Friday, 10 October 2008

End of Summer

Our annual holiday is always timed carefully.
Sally usually combines it with collecting something from 'South' (which could mean anywhere from John O'Groats to Adelaide) and so this year Sal and I took the kids to Yorkshire to see their 'other' granny - my mum, Hazel.
I never do bird lists, but I thought I'd mention a few of the raptors; from the 1st two hours of the drive (northern Scotland) were; Sparrowhawk (with prey - starling), common buzzards, goshawk, osprey (x2), kestrel. I didn't get any of the usual 'Orkney' raptors (Short-eared owl, merlin, peregrine or the harriers) as I got the morning boat from Stromness harbour - a drive of approx. 2 minutes from the house, straight through the town.We spent two days in South Yorkshire then travelled across to Manchester where we were collecting our new Ebay purchase, (curtesy of darling wife's internet habit) the trailer tent! Fortunately it was in better than perfect condition and we merrily slooshed up the M6 back towards Scotland. We camped in Ayr where there just happened to be a Race meeting on (lost all my hard-earned, but had a great day), then a further two in Glen Nevis - stunning. Cadjoled the whole family to walk up part of Ben Nevis but as soon as the pub was spotted, we all agreed the midges were too much and made a hasty detour. Amazingly, however, following light refreshments they decided to continue skywards, which we did for another hour or so. Great walk and an extremely steep descent brought us back along the riverside walk to the campsite and 'home'.
Had 2 red kites on the last leg, north of Inverness and also picked up a road-kill common buzzard which was the day's piece on the board.

Back from holiday!
And to find a rather pleasant surprise on the doormat. A letter from Wildscape Magazine informing me that my painting
“Red-throated Divers Nest-Prospecting” has WON AN AWARD! I am thoroughly chuffed.
I am very lucky having an, er, 'understanding' family regarding these unfortunates which end up on the slab, but actuallythe kids are really gruesome and love to see the dead stuff up close. They even spot bundles of feathers and fur from the car - beats I-Spy anyday!

And here is a slightly re-worked painting of the original that won the award.

This is an unfortunate fulmar which I collected from near the Standing Stones of Stenness. I kept it overnight but it had sadly died by the morning. I made a study of the bird both as an artistic statement and for reference at a later date.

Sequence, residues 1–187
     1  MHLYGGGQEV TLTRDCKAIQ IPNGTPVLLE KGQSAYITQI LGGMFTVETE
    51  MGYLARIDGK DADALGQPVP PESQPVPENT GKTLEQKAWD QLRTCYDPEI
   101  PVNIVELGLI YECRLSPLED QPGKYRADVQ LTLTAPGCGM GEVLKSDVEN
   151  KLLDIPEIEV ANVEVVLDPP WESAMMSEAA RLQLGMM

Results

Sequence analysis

Incidentally, here are a few notes on handling dead birds for artistic study purposes:
If they look manky - leave them alone. Most of what I pick up are road kills meaning they were (probably) in fairly good health up until the point that they, er, weren't. They will have (depending on species and individual) a number of mites, lice and other hangers-on which will remain with the host until they find another one. These are pretty specific critters requiring very specialised habitat, so don't worry about them - unless you happen to be dressing up in your best Fulmar-feather outfit - most are very slow-moving and can be cracked with the blunt end of a pencil or brush as they hit the white backing paper (which I like to use as it helps me see the contours and tones better than 'neutral' backgrounds. Reverse side of old wallpaper is good. One type of parasite which lives on rooks is a broad winged flea-type of thing and they are truly gruesome. They appear fom out of the plumage, do a quick once-over round the corpse and disappear back into the feathers - uuuuurrgh! I don't do corvids in the house - they stay outer-doors.One final thing. When using dining table - make sure it's not you sitting where aforementioned specimen was lying previous to setting table - or you could disinfect the table, if you're being especially fussy!regarding catching 'stuff' from dead birds - I suppose the main thing is - don't eat them or suck them. You should be ok then.